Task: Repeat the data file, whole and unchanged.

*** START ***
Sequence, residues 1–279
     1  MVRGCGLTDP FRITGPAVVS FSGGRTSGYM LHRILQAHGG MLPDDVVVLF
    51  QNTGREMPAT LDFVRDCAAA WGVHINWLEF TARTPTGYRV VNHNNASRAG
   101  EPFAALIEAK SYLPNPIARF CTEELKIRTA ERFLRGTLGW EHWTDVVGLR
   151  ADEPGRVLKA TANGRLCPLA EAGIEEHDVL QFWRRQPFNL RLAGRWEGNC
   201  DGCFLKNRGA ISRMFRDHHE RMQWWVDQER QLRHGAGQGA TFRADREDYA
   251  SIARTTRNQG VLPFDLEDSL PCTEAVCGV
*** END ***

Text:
Sequence, residues 1–279
     1  MVRGCGLTDP FRITGPAVVS FSGGRTSGYM LHRILQAHGG MLPDDVVVLF
    51  QNTGREMPAT LDFVRDCAAA WGVHINWLEF TARTPTGYRV VNHNNASRAG
   101  EPFAALIEAK SYLPNPIARF CTEELKIRTA ERFLRGTLGW EHWTDVVGLR
   151  ADEPGRVLKA TANGRLCPLA EAGIEEHDVL QFWRRQPFNL RLAGRWEGNC
   201  DGCFLKNRGA ISRMFRDHHE RMQWWVDQER QLRHGAGQGA TFRADREDYA
   251  SIARTTRNQG VLPFDLEDSL PCTEAVCGV